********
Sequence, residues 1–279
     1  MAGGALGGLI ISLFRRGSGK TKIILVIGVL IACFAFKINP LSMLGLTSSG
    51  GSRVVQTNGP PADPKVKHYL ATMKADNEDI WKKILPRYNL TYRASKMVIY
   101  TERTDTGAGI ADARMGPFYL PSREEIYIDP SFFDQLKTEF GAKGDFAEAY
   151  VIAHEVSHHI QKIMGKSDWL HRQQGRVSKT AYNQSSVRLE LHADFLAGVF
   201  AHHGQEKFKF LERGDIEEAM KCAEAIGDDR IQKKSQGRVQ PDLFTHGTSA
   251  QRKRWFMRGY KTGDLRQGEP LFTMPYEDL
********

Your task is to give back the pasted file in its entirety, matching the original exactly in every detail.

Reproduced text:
Sequence, residues 1–279
     1  MAGGALGGLI ISLFRRGSGK TKIILVIGVL IACFAFKINP LSMLGLTSSG
    51  GSRVVQTNGP PADPKVKHYL ATMKADNEDI WKKILPRYNL TYRASKMVIY
   101  TERTDTGAGI ADARMGPFYL PSREEIYIDP SFFDQLKTEF GAKGDFAEAY
   151  VIAHEVSHHI QKIMGKSDWL HRQQGRVSKT AYNQSSVRLE LHADFLAGVF
   201  AHHGQEKFKF LERGDIEEAM KCAEAIGDDR IQKKSQGRVQ PDLFTHGTSA
   251  QRKRWFMRGY KTGDLRQGEP LFTMPYEDL